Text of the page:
In this video interview with former EPM staffer Julia (Stager) Mayo, we share some thoughts on a father’s primary responsibility to his children:
I think a father’s primary responsibility is to show his children what God is like. Your daughters and your sons need to see what true fatherhood is, and you as a father will be the one who shows them what God is like (that is, if you are faithful to show them what God is like). When your children hear the word “Father” in relationship to God, they will draw conclusions, truly or falsely, about what He is like based on what they think of you.
Deuteronomy 6 says, “These commandments I give you today are to be upon your heart.” So first, the father has to have this knowledge of God in his own life. Then it goes on to say what he’s supposed to do in relationship to his children (keep in mind that if a father doesn’t really have it in the inside, he can’t give it to his children): “Impress them [these commandments] on your children. Talk about them when you sit at home, when you walk along the road, and when you lie down and when you get up.” Then it says, “tie them as symbols, put them around your house.”
So what Scripture is saying is impress them upon your children. And that word impress really means “engrave.” It’s like children are wet cement and with your finger you are writing in it. As you know if you’ve done this with wet cement (which as a child you weren’t supposed to do, but I did!) it becomes permanent. That’s how you engrave into your children.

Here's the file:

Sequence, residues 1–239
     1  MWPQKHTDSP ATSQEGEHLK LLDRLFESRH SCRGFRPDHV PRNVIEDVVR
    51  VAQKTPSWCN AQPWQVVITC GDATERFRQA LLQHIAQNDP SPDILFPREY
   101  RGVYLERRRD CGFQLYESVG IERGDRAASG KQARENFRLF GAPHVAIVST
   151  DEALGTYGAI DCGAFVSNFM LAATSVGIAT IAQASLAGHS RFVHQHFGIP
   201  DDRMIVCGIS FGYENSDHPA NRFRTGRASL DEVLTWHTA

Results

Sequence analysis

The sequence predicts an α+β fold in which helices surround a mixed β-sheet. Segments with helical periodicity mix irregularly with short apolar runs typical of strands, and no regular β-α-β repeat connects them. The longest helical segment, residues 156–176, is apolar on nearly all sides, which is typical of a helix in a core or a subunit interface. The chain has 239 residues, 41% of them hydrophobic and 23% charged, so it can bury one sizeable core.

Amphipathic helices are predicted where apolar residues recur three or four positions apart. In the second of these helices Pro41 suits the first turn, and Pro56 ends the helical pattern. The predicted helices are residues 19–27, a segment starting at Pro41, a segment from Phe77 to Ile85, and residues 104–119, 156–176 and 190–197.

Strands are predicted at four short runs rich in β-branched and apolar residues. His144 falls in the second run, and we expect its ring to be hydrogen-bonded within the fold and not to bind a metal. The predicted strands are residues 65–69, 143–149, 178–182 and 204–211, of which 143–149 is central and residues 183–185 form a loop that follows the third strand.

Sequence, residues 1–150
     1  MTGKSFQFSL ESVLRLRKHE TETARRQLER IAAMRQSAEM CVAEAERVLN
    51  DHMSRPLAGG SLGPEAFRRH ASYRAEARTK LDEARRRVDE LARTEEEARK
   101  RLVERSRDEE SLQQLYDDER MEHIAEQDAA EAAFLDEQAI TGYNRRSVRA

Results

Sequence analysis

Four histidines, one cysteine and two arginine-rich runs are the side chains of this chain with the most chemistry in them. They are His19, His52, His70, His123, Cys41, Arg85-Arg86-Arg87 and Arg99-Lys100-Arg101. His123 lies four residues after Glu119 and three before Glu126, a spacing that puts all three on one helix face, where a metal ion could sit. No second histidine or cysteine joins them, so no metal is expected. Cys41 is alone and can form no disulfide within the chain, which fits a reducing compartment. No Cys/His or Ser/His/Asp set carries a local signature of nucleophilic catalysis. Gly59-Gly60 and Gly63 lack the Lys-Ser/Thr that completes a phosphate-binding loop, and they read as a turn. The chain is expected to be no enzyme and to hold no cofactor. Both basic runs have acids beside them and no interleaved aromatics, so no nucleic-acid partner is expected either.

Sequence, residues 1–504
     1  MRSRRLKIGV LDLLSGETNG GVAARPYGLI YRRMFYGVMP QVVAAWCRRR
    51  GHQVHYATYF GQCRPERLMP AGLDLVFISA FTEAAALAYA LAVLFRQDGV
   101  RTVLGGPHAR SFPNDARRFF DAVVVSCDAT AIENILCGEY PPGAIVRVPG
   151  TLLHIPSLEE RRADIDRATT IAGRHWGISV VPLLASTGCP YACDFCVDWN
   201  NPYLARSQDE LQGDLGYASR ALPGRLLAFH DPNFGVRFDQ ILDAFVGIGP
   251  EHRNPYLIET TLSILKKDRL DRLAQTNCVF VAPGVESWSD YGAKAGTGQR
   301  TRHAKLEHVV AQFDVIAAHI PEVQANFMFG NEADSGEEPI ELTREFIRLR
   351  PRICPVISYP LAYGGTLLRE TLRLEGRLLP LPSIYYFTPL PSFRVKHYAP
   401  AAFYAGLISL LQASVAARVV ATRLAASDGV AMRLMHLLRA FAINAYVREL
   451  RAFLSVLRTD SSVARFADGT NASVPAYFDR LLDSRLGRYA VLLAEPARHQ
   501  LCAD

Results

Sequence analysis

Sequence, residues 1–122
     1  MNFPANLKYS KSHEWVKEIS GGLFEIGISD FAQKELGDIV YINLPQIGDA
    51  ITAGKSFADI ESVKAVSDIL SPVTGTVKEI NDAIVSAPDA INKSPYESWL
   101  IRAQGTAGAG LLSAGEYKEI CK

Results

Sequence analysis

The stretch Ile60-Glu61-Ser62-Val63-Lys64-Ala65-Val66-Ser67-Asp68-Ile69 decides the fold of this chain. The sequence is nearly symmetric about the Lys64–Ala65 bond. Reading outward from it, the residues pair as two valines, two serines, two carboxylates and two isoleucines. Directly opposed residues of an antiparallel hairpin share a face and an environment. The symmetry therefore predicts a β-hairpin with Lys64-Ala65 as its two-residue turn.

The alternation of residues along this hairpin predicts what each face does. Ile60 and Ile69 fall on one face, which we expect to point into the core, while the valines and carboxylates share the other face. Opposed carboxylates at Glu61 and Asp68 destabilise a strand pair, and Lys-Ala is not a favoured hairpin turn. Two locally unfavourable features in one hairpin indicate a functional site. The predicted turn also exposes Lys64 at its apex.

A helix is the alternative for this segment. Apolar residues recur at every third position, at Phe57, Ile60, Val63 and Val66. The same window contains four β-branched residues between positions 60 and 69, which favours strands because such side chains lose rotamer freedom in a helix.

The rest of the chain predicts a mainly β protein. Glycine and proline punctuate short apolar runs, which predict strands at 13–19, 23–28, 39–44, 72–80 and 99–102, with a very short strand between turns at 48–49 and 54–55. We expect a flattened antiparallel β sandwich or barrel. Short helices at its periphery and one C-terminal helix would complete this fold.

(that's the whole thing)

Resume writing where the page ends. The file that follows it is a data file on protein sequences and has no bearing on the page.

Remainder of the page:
But the great thing is, this engraving is done causally as life goes on. It’s not just during family devotions. Family devotions are great, but it’s more than that. It’s as you walk in the way.
Absolutely. As a father, you’re living in the same household as your children, and they are observing you at all times. Just like you’re saying, it’s not that you only have a responsibility during certain times of the day, but during all times of the day.
Exactly. One of the ways that fathers can model godliness to their children is to apologize and ask forgiveness. Yes, God never has to apologize to us and ask our forgiveness. But we need to model what that’s like in our Christian lives so that our children can look at us and see us admitting we’re wrong. That’s part of being Christlike.
Julia (Stager) Mayo holds a Master of Arts in Biblical and Theological Studies from Western Seminary. She was previously part of the Eternal Perspective Ministries staff, and still does occasional research work for Randy Alcorn.